The rush you feel while standing on the edge of the sprawling Grand Canyon is a traveler’s rite of passage. The 277 miles of gold and bronze–hued landscape is one of the natural world’s most gorgeous sights to behold; add a soft blue sky to the mix, and you’ve got yourself one of the world’s best views.
From the Grand Canyon to the Matterhorn, the world’s most iconic vistas are part of the travel canon for good reason. They induce wanderlust.
They get us thinking about the four corners of the earth as well as humankind’s minor place in the scheme of things. And when we see them in person, we are startled and humbled by their physical magnificence.
Far from nature’s wonders but equally spectacular are the world’s greatest cityscapes, which can leave an equally compelling impression: perhaps hope or opportunity, in the case of New York City, or romance in Paris.
“Parisians might be less obvious about it, but we all secretly love the Eiffel Tower,” says Paris-based blogger and travel guide Heather Stimmler-Hall of Secretsofparis.com. “Especially when it sparkles in the sun or peeks out on a foggy day.”
These days, amazing views are just a Google search away. Vacation photos from colleagues and friends fill our inbox, and both amateur snapshots and professional photography have saturated the web. Yet seeing a stunning landscape in the flesh is more than just a pretty picture—it stirs something within.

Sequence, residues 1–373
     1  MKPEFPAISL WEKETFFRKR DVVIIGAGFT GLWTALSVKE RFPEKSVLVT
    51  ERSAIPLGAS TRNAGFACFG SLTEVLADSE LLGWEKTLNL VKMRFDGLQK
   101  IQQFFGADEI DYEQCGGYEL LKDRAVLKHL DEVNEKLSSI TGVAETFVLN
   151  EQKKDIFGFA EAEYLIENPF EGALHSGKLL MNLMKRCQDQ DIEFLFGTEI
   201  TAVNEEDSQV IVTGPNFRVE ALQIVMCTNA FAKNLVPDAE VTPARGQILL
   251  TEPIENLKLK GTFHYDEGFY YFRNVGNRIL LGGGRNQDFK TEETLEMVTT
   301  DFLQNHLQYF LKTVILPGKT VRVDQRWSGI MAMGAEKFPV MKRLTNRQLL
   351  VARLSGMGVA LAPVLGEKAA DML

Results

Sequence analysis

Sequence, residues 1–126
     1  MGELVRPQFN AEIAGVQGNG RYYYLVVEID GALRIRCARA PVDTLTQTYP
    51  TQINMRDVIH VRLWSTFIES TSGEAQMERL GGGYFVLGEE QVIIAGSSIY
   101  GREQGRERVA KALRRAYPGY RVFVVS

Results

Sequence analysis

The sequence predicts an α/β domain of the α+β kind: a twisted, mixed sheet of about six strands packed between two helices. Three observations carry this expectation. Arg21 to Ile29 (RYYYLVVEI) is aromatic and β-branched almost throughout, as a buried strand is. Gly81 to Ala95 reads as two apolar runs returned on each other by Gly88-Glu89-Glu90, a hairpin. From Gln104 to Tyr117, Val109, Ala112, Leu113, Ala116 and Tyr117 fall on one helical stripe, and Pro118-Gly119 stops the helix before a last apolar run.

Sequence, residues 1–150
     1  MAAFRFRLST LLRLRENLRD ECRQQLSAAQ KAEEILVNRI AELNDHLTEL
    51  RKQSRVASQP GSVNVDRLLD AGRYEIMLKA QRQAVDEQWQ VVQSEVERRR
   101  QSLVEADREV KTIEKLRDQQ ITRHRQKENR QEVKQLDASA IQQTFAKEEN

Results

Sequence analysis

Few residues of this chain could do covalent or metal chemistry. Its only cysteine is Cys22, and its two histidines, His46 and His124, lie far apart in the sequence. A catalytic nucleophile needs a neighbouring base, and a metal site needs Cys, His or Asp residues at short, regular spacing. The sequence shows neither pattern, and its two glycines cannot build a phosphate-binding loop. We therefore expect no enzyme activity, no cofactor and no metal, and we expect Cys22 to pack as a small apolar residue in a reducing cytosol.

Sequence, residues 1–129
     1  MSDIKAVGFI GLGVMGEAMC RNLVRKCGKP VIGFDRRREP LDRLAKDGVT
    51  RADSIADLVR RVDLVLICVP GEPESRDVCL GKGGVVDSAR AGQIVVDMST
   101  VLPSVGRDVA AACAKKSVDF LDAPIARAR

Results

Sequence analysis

Perhaps it’s a combination of the senses: the slow progression of a copper dawn spilling onto the Urubamba Valley in Peru, the sound of fluttering prayer flags in Bhutan’s Black Mountains, or the smell of roasting chicken in Paris’s 18th Arrondissement. These elements are part of the lasting effects of an experience that can’t be captured on film.
Of course, a quintessential viewing moment can be ruined—perhaps by bad weather or a crush of tourists. That’s why for each amazing view, we’ve given you the best time to go, weather-wise, as well as a secret viewing spot to help you avoid the foot traffic when you’re there. “People will always want to see the biggies, like the Berlin Wall or the Empire State Building,” says Henrik Tidefjaerd, a Berlin-based coolhunter at Berlinagenten.com who travels around the world to discover edgy, new destinations. “That’s fine, but more and more want to have their own authentic experience with these iconic images. They want their own view, not a postcard image.”
But if there’s one thing Stimmler-Hall has learned from her years living in one of Europe’s most picturesque cities, it’s to remember to stop for a moment, put down that camera, and take it all in. “Paris never looks as good through a lens as it does in person,” she says. “So when you’re in front of the real thing, look at it with your own eyes.”